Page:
Clinical Brief – September 11th
The USPSTF now recommends screening kids between 3 to 5 years old at least once for lazy eye or its risk factors (USPSTF = US Preventive Services Task Force).
What’s lazy eye?
Lazy eye is a childhood condition where vision in one eye doesn’t develop properly.
In children under 6, lazy eye and its risk factors may be about as common as nearsightedness in the US. According to the USPSTF, 1-6% of these kids have lazy eye or its risk factors vs 4% with nearsightedness.
They estimate that the lifetime risk of vision loss in people with lazy eye is at least 1.2%.
Why screen for lazy eye?
Finding lazy eye and treating it early is likely to result in “permanent improvements in vision throughout life,” says the USPSTF.
Treatments for lazy eye that were evaluated include eye patching and/or eyeglasses. They didn’t find any eligible studies looking at atropine eye drops or vision therapy. They also didn’t look at surgical options.
Generally, studies evaluating eye patching and/or eyeglasses saw improvements from baseline in visual acuity. Benefits were greater for kids with more visual impairment before treatment.
What are the risks of screening and treatment?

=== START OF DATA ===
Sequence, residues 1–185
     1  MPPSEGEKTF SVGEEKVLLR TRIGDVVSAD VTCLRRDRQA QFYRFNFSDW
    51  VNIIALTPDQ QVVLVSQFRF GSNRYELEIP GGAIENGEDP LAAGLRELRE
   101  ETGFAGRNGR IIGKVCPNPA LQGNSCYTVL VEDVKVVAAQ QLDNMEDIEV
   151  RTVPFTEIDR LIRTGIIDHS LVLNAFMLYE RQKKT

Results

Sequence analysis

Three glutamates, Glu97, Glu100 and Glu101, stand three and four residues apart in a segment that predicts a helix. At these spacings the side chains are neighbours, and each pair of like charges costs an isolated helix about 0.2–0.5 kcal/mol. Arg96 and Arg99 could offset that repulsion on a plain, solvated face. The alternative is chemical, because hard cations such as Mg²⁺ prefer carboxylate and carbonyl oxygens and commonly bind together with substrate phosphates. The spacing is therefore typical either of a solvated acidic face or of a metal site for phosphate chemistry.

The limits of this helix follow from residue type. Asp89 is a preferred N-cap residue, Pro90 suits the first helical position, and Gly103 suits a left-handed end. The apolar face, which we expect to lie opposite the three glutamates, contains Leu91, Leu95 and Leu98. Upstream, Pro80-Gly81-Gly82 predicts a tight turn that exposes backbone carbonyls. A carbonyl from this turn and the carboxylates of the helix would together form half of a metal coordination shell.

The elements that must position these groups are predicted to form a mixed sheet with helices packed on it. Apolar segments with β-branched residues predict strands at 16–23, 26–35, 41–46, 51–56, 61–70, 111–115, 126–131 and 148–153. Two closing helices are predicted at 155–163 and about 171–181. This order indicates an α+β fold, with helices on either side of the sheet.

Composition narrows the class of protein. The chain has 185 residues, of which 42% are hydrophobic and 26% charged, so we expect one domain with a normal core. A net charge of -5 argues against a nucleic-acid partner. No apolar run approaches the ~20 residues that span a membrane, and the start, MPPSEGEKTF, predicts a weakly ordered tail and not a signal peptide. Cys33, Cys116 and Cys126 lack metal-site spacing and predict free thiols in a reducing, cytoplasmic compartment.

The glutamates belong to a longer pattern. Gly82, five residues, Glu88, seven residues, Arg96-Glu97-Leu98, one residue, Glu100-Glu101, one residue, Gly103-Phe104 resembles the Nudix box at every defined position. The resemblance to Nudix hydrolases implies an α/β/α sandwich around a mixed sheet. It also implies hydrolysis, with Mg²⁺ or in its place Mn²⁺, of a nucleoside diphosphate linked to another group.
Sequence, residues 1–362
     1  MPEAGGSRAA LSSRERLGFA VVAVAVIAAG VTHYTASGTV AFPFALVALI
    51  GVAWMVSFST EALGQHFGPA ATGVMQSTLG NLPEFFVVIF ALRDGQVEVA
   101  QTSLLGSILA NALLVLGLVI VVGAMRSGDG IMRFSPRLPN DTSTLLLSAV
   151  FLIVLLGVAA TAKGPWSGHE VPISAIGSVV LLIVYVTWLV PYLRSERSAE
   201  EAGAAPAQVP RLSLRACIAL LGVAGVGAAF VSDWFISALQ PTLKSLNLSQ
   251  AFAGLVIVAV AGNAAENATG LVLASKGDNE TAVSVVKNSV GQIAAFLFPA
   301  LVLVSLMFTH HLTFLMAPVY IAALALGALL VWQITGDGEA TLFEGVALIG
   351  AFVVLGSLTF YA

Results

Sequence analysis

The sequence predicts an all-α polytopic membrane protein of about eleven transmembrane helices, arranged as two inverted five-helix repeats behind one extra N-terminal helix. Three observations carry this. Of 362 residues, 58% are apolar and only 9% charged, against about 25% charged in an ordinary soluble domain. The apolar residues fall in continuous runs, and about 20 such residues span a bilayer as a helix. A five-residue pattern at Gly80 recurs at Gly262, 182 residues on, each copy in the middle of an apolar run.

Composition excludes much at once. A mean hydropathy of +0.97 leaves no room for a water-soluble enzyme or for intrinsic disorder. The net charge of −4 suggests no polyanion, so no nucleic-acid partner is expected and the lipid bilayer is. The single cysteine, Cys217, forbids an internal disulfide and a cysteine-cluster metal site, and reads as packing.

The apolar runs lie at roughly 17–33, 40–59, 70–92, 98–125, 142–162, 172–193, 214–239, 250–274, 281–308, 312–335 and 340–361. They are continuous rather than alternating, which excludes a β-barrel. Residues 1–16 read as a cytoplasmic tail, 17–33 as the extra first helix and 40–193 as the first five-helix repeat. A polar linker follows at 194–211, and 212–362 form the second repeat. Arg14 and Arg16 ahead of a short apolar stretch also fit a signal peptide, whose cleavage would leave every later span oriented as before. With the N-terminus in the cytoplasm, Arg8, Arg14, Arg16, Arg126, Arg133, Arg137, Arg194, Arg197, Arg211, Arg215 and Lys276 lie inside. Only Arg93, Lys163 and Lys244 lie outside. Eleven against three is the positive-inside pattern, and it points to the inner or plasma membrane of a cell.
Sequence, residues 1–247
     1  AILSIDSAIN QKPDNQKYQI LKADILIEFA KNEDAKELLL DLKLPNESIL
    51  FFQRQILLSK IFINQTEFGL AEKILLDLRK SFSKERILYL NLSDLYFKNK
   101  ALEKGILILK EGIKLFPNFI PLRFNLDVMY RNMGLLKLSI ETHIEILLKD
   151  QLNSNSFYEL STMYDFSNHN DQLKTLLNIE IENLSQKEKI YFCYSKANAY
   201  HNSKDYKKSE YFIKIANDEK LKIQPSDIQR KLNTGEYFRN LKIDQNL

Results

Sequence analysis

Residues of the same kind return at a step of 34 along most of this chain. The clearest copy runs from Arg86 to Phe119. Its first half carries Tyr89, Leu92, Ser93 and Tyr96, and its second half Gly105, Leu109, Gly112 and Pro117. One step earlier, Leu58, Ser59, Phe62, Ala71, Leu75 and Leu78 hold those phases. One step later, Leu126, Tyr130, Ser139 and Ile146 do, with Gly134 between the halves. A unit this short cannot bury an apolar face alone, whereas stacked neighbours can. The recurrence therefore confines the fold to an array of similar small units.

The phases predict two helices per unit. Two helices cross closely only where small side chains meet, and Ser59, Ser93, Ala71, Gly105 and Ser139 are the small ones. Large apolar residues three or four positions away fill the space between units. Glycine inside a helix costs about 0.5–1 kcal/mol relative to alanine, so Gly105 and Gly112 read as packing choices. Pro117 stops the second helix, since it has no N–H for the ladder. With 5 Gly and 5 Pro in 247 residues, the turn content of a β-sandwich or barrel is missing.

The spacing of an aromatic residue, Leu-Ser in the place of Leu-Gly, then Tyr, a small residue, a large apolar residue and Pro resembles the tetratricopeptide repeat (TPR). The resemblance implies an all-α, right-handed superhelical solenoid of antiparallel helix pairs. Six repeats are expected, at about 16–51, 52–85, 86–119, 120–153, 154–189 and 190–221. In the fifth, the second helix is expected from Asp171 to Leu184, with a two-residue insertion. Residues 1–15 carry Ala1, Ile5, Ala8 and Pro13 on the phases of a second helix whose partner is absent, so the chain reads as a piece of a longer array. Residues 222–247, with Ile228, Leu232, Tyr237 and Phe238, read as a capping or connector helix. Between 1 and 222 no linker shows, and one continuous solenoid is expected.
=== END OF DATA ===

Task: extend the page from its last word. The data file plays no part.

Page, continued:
Whenever we think about screening, we worry about over-diagnosis and exposing people to unnecessary side effects associated with treatment, as well as psychological distress.
Here, the USPSTF found that in general, false-positives were usually >75% in studies where the prevalence of vision problems is low (<10%). In studies wither higher prevalence rates, the false-positives were less common, usually <35%.
As for treatment, eye patching and eyeglasses are arguably minimally invasive treatments.
Studies reviewed by the USPSTF showed no adverse events were linked to these treatments. They also didn’t seem to affect a kid’s “happiness” or cause “behavioral problems”.
More children were “upset” about the treatment though, with patching than with eyeglasses alone. This seemed to drop as they got older.
The USPSTF recommendation seems to me fairly reasonable. There are potentially significant gains for correcting lazy eye early with eye patching and/or eyeglasses. The downsides of over-diagnosis shouldn’t be ignored, but it’s good to see that no physical harm was reported with these treatments.
In terms of feasibility, they say that about 40% of kids in the US who are 3 years old are already getting routine vision screening, which includes some risk factors of lazy eye. Screening kids who are younger than 3 might be tough though, given their age.
“The USPSTF recommends vision screening at least once in all children aged 3 to 5 years to detect [lazy eye] or its risk factors.
The USPSTF concludes that the current evidence is insufficient to assess the balance of benefits and harms of vision screening in children younger than 3 years.”